http://store.summitracing.com/partde...5&autoview=sku

Or

http://www.jegs.com/webapp/wcs/store...tegoryId=22597

















Please keep in mind that your results may vary. I have the factory crossover heatshield, and two additional heatshields. I also have hood vents (functional) and my front exhaust manifold is ceramic coated (rear is not done yet due to continuing testing of another product).

My conclusions are obvious. Crossover pipe heatshields are great when the car is in motion. Useless after shutdown and restart. Insulating barriers on the pipe are actually worse than a bare pipe, but the product shown here is better than either.

(IAT temps stayed stable within 5-10F during all 3 tests due to the fact that the IAT is very close to the filter.....not actually IN the filter due to the fact that I have another device in that location).
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Old 05-19-2006, 01:13 AM   #3
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Good write-up Bill.
My findings exactly.
You must have seen the reflective wrap I've had on my intake pipe for the last few years.
The other trick is using a pipe that doesn't conduct heat.....like rubber instead of metal.
The FWI kits use a hose all the way.
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Old 05-19-2006, 08:43 AM   #4
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your saying that by insulating the pipe that it actually is trapping heat therefore making the pipe hotter when no airflow is going thru or sitting in traffic....do i understand this correctly?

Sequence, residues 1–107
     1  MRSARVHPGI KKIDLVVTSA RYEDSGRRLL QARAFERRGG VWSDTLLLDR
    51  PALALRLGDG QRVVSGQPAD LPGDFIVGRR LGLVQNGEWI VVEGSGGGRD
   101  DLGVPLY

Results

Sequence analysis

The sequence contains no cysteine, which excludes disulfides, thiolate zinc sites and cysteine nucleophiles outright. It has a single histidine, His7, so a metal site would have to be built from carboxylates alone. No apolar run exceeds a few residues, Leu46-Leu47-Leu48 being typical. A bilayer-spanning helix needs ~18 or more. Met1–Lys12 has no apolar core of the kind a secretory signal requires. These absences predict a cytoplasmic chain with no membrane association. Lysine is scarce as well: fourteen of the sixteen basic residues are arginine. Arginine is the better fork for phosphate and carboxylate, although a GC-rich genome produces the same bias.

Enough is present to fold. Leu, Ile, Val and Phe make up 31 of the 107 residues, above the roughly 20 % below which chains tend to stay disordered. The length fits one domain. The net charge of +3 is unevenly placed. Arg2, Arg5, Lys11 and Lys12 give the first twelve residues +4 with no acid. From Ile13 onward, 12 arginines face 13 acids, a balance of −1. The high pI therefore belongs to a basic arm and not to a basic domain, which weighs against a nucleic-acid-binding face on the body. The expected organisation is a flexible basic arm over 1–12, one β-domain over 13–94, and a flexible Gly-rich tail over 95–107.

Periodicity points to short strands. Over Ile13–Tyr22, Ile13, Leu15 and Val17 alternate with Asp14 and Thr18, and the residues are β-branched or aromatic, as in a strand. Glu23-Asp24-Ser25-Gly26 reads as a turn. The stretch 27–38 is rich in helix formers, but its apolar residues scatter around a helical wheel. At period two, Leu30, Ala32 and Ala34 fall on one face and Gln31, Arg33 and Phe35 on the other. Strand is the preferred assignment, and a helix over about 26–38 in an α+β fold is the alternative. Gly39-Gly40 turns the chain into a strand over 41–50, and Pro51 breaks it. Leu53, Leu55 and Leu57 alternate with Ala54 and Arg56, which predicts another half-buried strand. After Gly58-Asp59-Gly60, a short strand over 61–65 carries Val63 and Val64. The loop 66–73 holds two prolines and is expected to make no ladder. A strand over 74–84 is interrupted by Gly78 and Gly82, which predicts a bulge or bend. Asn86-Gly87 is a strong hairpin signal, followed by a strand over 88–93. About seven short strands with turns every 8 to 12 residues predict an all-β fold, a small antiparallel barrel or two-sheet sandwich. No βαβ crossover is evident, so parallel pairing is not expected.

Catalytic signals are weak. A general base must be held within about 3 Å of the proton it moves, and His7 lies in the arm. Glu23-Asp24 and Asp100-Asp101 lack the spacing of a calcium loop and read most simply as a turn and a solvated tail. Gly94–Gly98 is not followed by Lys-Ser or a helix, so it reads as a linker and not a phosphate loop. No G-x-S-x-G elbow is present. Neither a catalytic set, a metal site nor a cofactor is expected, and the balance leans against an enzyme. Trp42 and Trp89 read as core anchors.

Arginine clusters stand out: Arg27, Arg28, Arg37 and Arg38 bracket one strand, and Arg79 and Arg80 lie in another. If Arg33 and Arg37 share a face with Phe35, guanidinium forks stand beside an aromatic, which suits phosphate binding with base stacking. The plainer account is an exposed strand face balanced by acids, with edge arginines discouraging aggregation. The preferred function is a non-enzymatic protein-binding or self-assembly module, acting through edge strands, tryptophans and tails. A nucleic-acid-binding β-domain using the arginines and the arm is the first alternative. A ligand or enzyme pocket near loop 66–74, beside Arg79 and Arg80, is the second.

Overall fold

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Old 05-19-2006, 10:00 AM   #5
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Yes Pat, once the pipe heated, it can't escape very quick at all, the idea behind this insulation is to PREVENT as much heat soak as possible so it does not have to take so long to cool down.
Bill, I myself, have plans for this weekend and my hot air intake...im going another route..
Nice write up, i like beer, and I frequent the post office myself.
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Old 05-19-2006, 11:48 AM   #6
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The "Home Depot Motor Sports" wrap that many of us use/have used is designed to hold heat in heating and AC ducting.

The sleeve Will just tried is designed to keep heat out of intake pipes.

Both products are designed by engineers specializing in thermal management. Both products are designed with a specific goal. Find the right tool for the job.
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Old 05-19-2006, 11:56 AM   #7
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Isn't it made out of the same material as the DEI intake wrap?

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Old 05-19-2006, 12:19 PM   #8
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Quote:
Originally Posted by Greyhare
The "Home Depot Motor Sports" wrap that many of us use/have used is designed to hold heat in heating and AC ducting.

The sleeve Will just tried is designed to keep heat out of intake pipes.

Both products are designed by engineers specializing in thermal management. Both products are designed with a specific goal. Find the right tool for the job.
This coming from the guy that just went out to the hp parking lot and removed the Home Depot stuff from his intake.

Guys, the pipe WILL heatsoak, even with this new stuff, but it also allows that heat to come back OUT as the airflow starts coming over it again. You cannot prevent heatsoak, but you have to give the intake the opportunity to recover from it quickly.

DEI'* products very closely match the offereings from Thermo-Tec, but their intake tube insulation is a velcro attachment, and may not fit well with the bend in our intake pipes, nor around our 'fat' couplers. In addition, DEI'* wrap is TWICE as expensive as Thermo-Tec'*.

http://www.designengineering.com/pro...sp?m=sp&pid=33
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Old 05-19-2006, 12:32 PM   #9
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nice watch and good thread i bet you it helps alot
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Old 05-19-2006, 12:37 PM   #10
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I don't know about DEI but, Thermo-tech is a product manufacturer and is specialized to automotive heat management; that is all they do.